Styrofoam Cups Thicker on Top

Every single styrofoam cup I have ever seen, from store bought to the ones in fast food take out places, always have a thicker ring of styrofoam on the top 1/8" to 1/4". Why is this? What purpose does the extra thickness serve on the top lip of the cup?

It’s so you won’t squeeze it and spill all the contents when you pick it up.

…and also for extra insulation against hot liquids.

Added ring strength at the rim, so that it retains its cup shape and you don’t spill hot coffee on your crotch.

It’s probably a fraction of a cent cheaper than just increasing the wall thickness overall.

A negligible contribution, at best. If the liquid is that high in the cup, it is either spilling or being drunk. I vote for the structural strength analysis.

It may also help in the stacking. The rim may serve as a “stop”, preventing cups from fitting too close and sticking together.

There might be something in this. The cups we have at work are of uniform thickness throughout – see, they’re not all like that – and they stack very tightly and so can be difficult to separate.

Silly me!! I thought it was for the lid… something to snap over.

If they were that thick all over, they’d stack much higher, and the larger packages would be harder to transport and store.

It’s probably a combination of “all of the above.” Also, the “stop” factor aids in not spilling when the cup slips down through your fingers - they’ll catch the rim. It’s easier to pick up a hot styrofoam cup just beneath the bulgy part for this reason.

      • I say “none of the above”: that it has to do with helping it seal better in your mouth. Note that even paper cups will have a rolled top-edge. Now take a paper cup, use a razor blade to slice the top edge off, and then try to drink out of it. The sharp edge doesn’t seal in the corners of your mouth very well unless you press it into your mouth fairly firmly, and that is quite uncomfortable to do.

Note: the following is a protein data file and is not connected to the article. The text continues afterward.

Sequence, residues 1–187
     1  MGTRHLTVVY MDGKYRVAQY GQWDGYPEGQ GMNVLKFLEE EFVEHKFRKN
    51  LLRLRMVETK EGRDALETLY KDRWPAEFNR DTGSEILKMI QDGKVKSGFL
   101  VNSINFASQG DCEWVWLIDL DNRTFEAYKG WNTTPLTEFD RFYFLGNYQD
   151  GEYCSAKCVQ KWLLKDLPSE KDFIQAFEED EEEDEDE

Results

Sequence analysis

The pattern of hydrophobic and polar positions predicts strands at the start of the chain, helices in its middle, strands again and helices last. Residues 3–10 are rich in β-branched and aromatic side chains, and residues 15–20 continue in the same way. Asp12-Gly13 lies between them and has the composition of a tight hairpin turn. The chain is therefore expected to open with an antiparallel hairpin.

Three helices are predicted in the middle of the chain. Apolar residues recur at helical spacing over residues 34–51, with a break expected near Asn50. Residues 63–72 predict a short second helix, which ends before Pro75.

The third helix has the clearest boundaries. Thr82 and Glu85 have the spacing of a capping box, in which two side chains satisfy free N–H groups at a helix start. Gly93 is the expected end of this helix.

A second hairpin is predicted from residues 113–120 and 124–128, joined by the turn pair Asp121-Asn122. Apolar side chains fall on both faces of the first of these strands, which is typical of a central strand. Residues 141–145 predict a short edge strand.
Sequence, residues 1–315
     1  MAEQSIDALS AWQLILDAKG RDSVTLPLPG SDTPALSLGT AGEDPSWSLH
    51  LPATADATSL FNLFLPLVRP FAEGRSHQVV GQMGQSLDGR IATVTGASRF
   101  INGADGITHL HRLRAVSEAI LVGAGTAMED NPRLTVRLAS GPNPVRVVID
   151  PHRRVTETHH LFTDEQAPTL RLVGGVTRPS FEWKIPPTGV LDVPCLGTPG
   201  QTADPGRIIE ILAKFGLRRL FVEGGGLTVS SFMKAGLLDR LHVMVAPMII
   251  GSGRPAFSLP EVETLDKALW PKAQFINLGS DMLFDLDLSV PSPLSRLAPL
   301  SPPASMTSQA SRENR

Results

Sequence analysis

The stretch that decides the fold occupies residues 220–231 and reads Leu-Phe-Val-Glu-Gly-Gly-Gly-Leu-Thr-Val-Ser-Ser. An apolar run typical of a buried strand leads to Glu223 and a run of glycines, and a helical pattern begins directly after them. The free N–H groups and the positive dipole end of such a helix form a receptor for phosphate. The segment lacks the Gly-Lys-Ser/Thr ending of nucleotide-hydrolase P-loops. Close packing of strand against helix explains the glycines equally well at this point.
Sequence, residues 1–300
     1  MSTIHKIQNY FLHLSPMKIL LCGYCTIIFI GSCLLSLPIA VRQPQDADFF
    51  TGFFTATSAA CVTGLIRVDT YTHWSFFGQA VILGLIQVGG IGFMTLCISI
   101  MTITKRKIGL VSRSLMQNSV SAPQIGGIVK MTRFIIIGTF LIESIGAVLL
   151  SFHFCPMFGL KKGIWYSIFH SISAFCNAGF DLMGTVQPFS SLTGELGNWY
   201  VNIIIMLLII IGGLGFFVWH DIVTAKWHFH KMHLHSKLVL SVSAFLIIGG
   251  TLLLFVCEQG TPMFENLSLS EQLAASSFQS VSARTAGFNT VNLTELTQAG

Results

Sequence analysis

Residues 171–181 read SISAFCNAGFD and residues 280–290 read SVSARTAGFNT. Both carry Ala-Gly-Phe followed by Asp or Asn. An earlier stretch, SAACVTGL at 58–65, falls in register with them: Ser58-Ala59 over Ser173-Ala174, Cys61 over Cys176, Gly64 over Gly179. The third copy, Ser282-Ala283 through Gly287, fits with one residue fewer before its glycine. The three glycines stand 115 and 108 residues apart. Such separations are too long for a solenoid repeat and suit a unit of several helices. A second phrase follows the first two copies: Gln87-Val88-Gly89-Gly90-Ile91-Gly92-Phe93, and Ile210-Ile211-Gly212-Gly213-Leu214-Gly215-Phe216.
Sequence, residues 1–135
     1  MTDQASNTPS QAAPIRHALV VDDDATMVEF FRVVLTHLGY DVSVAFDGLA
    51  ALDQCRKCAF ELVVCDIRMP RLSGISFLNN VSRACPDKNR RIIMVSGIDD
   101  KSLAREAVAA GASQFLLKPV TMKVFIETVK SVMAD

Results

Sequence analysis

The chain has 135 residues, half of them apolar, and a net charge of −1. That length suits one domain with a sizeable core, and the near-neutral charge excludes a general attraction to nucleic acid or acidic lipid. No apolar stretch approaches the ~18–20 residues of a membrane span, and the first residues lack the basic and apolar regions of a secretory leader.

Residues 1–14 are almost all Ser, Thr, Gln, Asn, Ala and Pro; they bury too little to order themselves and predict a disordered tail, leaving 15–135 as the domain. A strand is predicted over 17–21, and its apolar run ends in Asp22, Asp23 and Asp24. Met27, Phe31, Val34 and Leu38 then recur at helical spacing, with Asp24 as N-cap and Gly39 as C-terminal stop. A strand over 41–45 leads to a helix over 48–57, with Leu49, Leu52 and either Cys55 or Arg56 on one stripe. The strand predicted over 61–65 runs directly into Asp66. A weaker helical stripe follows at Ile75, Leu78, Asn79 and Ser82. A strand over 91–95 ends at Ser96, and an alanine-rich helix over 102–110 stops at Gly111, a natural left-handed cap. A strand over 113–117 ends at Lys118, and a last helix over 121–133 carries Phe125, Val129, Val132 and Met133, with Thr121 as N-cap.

Yes… but the “thin” part of most styrofoam cups is at least as thick as the rolled-over part of a paper cup, so I don’t see that this follows.

There are foam cups that are uniform all the way up. I seem to be visualizig some standard-blue pattern for some reason. I usually think of these as jumbo-sized cups, like maybe at a stadium to justify $6 per 32 ounces of soda. They also seem “cheap” to me in that they’re not as visually appealing (who’d’ve thunk aesthetics would matter to me on this?).

Since the Straight Dope is here to fight ignorance . . .

Dow Chemical: There isn’t a coffee cup, cooler or packaging material in the world made from STYROFOAM.

Yeah, and Adobe says you can’t call it “photoshopping” when you edit a picture. Corporations seem to get a kick out of waging losing trademark battles with the general public.

[and now back to your regularly scheduled, non-hijacked thread]

From that cite, I understand “Styrofoam” is a brand name and all, but “The color Blue is a Trademark of The Dow Chemical Company” seems like it’s going too far. :wink:

So can I be sued for typing this post in blue?

[sub]This post has been Blued by the… oh screw it.[/sub]

Possibly, not not from who you might think.


From that page’s text, it seems like there may be more difference between “styrofoam” and “expanded polystyrene beads” than the trade name. Maybe styrofoam is produced in a different way and ends up being one large blob of polystyrene, rather than a bunch of fused beads, for example.

The thing about ‘the color Blue’ refers only to expanded polystyrene foam products; you can type in blue, but you can’t make insulation out of expanded polystyrene foam that’s blue in color.

I think it’s for structural strength (the cups would be easy to distort out of shape without a band of thicker material at the top), to aid stacking (holding the cups apart so they don’t stick), and also to make it easier to attach a lid. The band at the top of an EPS cup is about the same width as the rolled rims on paper cups, so lids for paper cups also fit EPS cups. It would probably still be possible to attach a lid without the rim, but it’d have to be designed for a different thickness.